Hizbullah provides the foot soldiers necessary for realizing Iran's vision of a global Islamic empire. With funding, training and weapons from Iran, Hizbullah terrorists have killed European peacekeepers, foreign diplomats and thousands of Lebanese, among them Prime Minister Rafiq Hariri. They have hijacked American, French and Kuwaiti airliners and kidnapped and executed officials from several countries. They are collaborating in Bashar Assad's slaughter of opposition forces in Syria today. Second only to al Qaeda, Hizbullah has murdered more Americans - at least 266 - than any other terrorist group.
        Above all, Hizbullah strives to kill Jews. It has fired thousands of rockets at Israeli civilians and tried to assassinate Israeli diplomats in at least six countries. Its early 1990s bombing of a Jewish community center and the Israeli Embassy in Argentina killed 115.
        Iran and its proxies have already dotted the world with murderous acts. They need only nuclear weapons to complete the horrific picture. The writer is Israel's ambassador to the U.S. (Wall Street Journal)
  • Blaming "El Yahud" - Zvi Mazel
    Hassan Banna, who founded the Egyptian Muslim Brotherhood in 1928, offered his services to Hitler with the onset of World War II, while asking him to help Egypt in its fight against the British and the Jews. The clandestine terror organization he set up passed along information on the movements of British forces.
        Under former president Hosni Mubarak, incitement went on in the media and in the mosques, though they were under state control. It was an unwritten rule that no item presenting Israel and/or the Jews in a favorable light could be aired. Israeli cities were called "settlements" wherever they were; reports would describe "a fedayeen operation in the Haifa settlement," referring to a city in the heart of Israel. Israelis are usually called "el Yahud," the Jews.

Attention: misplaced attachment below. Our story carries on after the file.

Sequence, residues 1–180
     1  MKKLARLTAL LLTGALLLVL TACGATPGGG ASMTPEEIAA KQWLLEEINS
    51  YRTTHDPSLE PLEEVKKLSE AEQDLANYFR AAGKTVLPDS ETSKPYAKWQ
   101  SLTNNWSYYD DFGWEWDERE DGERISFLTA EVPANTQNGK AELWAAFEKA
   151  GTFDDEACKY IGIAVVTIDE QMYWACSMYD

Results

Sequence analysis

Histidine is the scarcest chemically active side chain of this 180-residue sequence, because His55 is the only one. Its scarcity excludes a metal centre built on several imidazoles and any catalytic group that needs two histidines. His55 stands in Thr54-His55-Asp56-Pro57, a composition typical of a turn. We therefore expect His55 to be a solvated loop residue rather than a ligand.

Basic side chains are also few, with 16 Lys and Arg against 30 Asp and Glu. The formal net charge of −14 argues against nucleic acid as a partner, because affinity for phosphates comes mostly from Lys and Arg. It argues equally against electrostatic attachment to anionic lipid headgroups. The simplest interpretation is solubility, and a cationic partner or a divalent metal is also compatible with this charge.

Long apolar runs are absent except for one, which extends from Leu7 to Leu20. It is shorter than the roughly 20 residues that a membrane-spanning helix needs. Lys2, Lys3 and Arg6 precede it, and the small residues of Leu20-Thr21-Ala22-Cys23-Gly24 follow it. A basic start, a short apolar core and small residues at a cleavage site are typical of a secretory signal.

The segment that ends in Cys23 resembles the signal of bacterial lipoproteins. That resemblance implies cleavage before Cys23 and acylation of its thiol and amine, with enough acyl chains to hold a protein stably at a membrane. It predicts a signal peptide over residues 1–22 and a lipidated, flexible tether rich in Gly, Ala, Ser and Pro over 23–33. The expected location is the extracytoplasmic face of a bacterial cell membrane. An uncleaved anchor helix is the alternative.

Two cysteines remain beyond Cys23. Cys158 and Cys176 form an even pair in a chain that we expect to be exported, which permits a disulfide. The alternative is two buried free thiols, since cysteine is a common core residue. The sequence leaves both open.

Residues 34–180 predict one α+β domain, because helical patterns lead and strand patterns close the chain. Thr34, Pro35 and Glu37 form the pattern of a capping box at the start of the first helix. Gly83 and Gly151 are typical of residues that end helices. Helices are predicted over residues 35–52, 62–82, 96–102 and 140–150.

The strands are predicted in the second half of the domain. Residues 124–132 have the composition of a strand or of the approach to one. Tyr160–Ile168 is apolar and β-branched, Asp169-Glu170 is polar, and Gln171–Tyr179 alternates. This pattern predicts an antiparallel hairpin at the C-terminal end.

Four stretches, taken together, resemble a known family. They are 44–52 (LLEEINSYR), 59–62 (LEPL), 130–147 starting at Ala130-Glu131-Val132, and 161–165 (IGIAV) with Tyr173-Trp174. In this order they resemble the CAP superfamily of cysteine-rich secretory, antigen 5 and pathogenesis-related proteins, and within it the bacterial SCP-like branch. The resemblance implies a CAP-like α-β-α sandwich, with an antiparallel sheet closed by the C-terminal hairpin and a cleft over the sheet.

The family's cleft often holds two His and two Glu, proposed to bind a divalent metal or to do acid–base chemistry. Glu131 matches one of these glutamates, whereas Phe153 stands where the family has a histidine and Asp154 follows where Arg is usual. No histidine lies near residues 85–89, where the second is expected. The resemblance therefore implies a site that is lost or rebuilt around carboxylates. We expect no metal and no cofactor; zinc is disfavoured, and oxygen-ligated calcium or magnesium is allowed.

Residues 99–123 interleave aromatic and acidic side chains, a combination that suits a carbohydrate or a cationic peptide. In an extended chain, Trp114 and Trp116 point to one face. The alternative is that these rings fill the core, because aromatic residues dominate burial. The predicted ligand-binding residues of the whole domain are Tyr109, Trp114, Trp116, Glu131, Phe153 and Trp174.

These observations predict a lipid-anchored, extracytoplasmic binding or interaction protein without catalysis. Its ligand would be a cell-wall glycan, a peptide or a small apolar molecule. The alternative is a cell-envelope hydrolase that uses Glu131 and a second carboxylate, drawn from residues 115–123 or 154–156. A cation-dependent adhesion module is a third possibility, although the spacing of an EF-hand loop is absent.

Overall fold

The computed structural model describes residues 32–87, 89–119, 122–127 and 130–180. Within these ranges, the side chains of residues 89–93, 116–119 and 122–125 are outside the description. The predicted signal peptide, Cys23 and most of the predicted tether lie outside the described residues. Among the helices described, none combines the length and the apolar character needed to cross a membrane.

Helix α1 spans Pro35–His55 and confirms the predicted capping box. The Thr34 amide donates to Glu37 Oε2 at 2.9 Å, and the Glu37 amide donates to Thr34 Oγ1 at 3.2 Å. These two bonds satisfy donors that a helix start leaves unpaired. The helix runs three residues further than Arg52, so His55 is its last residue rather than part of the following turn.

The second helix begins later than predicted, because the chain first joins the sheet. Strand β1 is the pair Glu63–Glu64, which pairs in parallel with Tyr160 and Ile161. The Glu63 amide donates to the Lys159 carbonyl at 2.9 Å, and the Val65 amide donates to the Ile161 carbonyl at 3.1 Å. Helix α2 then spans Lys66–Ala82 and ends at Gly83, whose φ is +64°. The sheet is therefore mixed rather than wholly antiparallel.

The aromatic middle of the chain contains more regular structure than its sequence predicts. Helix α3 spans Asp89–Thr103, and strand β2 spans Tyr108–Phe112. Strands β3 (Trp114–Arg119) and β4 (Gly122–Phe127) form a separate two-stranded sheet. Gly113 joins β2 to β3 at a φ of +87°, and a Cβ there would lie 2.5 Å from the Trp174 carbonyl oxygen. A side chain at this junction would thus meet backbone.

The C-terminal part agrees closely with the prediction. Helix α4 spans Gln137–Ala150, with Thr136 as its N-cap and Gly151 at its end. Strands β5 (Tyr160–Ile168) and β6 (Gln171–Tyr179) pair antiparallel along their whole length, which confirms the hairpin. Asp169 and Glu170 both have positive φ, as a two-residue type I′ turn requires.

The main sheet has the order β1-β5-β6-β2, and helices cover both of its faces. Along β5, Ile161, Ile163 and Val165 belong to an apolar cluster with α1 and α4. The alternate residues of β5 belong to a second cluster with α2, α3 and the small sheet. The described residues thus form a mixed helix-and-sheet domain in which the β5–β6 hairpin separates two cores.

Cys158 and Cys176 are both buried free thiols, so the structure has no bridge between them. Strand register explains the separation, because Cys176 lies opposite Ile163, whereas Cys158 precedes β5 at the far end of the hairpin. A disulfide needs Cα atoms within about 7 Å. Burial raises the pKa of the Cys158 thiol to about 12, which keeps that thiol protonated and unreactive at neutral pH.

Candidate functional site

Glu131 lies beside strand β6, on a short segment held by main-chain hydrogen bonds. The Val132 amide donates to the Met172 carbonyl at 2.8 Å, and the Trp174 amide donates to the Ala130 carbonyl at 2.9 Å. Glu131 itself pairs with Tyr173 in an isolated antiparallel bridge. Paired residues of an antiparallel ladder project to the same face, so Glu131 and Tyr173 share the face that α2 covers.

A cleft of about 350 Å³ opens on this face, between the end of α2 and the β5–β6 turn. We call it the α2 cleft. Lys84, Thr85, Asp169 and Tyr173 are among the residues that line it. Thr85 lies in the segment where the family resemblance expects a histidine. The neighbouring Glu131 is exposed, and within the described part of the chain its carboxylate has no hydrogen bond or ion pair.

Editorials in the Egyptian media routinely accuse Jews of treacherous actions such as "infiltrating into Africa to incite Africans against Egypt." A recurrent theme is making the Jews responsible for the ongoing struggle between Egypt and upper Nile countries regarding the distribution of the river's waters.  The writer, a fellow of the Jerusalem Center for Public Affairs, is a former ambassador to Romania, Egypt and Sweden. (Jerusalem Post)

Netanyahu: Israel's Three External Challenges (Israel Prime Minister's Office)

Prime Minister Benjamin Netanyahu addressed the Conference of Presidents of Major American Jewish Organizations meeting in Jerusalem on Monday:

  • Three great challenges - Iran, Syria and the pursuit of peace - are three of the main subjects that I intend to take up with President Obama when he comes here to visit Israel.
  • Iran's nuclear weapons program continues unabated. I drew a line at the UN the last time I was there. They haven't crossed that line, but they're shortening the time that it will take them to cross that line by putting in new, faster centrifuges that cut the time by one-third. This has to be stopped for the peace and security of the entire world.
  • How do you stop it? You have to put greater pressure on them. You have to upgrade the sanctions. And they have to know that if the sanctions and diplomacy fail, they will face a credible military threat. That's essential. Nothing else will do the job. And it's getting closer.
  • The second challenge we face is in Syria, whose stockpiles of chemical weapons and other strategic weapons can change the balance of power in the Middle East. We will not sit idly by and let those weapons fall into the hands of terrorists.
  • The third challenge is to advance a solid, secure peace with the Palestinians. I believe that the framework for this peace is two states for two peoples - a demilitarized Palestinian state that recognizes the Jewish state.
  • To reach this solution we have to negotiate in good faith, which means you don't place preconditions. My hope is that the Palestinians will leave their preconditions aside and get to the negotiating table so we don't waste another four years.